9 Day Backcountry Hunt

Montana

Veteran member
Nov 3, 2011
1,085
356
Bitterroot Valley, MT.
Howdy all... I just read Matt post and I'm going to piggyback off it since it's 8 months old... I'd love to hear some different ideas. Here's what packed for food. Bars consist of - Cliff, Kind, Kashi, Snickers, Sweet n Salty. Tuna is a variety of flavors.

Day 1 - Breakfast Burrito, bar, Salami Sandwich, bar, Burrito.
Day 2 - Exact same (perishables)
Day 3 - Oatmeal (sliced almonds dried berries), bar, Pnut btr & honey sandwich, bar, dried soup/tuna.
Day 4 - Mt. House, bar, Ramen/tuna, bar, Mt. House
Day 5 - Granola (dried berries & pwdr milk), bar, Mac n chz/tuna, bar, dried soup/tuna
Day 6 - Repeat day 3
Day 7 - Repeat day 4
Day 8 - Repeat day 5
Day 9 - Oatmeal w/ sliced almonds and dried berries, bar, fat greasy cheeseburger with fries and 5 pops :)

Thanks in advance guys.

Sent from my SM-N900V using Tapatalk
 

Bonecollector

Veteran member
Mar 9, 2014
5,371
2,495
Ohio
Looks good to me! On a side note, I try not to eat anything hot/spicy so as to avoid over-consuming water if it's tough to come by. But not to the point of dehydrating myself. lol
 

Never in Doubt

Active Member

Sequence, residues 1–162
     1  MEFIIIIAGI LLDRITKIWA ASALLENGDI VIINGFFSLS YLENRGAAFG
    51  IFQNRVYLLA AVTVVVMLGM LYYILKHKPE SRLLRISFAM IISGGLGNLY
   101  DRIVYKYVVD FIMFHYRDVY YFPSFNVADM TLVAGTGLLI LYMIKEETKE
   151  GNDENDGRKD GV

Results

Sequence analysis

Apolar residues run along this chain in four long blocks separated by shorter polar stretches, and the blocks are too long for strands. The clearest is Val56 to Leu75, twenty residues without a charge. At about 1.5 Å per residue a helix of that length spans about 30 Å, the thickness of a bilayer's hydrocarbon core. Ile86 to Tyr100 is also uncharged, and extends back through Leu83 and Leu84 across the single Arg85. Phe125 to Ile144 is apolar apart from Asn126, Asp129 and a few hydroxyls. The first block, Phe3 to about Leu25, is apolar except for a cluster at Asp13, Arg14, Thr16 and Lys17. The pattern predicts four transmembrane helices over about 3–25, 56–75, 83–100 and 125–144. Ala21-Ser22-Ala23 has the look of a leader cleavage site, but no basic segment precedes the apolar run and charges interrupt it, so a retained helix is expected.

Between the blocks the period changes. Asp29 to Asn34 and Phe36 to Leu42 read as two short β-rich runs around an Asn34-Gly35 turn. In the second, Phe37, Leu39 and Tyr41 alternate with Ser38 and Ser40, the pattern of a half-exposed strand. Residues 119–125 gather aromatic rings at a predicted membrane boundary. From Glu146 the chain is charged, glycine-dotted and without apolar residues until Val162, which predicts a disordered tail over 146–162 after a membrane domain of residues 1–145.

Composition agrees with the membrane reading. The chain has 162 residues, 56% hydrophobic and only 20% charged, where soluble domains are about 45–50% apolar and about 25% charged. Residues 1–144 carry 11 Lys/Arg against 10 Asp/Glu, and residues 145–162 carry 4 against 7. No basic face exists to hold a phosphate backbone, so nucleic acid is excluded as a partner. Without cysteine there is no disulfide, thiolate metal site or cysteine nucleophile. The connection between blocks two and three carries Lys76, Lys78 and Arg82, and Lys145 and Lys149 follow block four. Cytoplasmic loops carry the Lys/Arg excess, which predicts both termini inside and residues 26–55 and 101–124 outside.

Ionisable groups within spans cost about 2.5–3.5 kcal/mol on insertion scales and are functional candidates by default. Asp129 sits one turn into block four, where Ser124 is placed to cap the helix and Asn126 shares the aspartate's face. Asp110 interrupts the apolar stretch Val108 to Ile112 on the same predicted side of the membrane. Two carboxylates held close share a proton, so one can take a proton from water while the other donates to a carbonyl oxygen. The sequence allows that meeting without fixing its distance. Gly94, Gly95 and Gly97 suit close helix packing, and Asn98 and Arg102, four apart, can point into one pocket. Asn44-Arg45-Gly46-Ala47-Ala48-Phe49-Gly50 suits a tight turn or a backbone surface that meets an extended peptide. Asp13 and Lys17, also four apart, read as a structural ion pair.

Jul 9, 2012
304
0
Looks good to me. I like to mix in something tasty and light for an additional snack. Like cheezits or frito corn chips. Makes the trip even more enjoyable haha. Sometimes I'll pack in string cheese
 
Jun 29, 2016
92
37
Coastal Maine
Gotta take tortillas easier to carry than bread and they go with everything. good move. Sardines are some good after a couple days of trail food. Ive seen people pour hot not boiling water into the instant oatmeal packs stir and enjoy. LNT hippies but it worked great. and no dish to wash. No coffee or is that a given? some pre packaged Thai food has rice noodles that cook really fast. Naturally the canoe guide lugs too much stuff. You can stuff all kinds of stuff in a 17' canoe.
 

Montana

Veteran member
Nov 3, 2011
1,085
356
Bitterroot Valley, MT.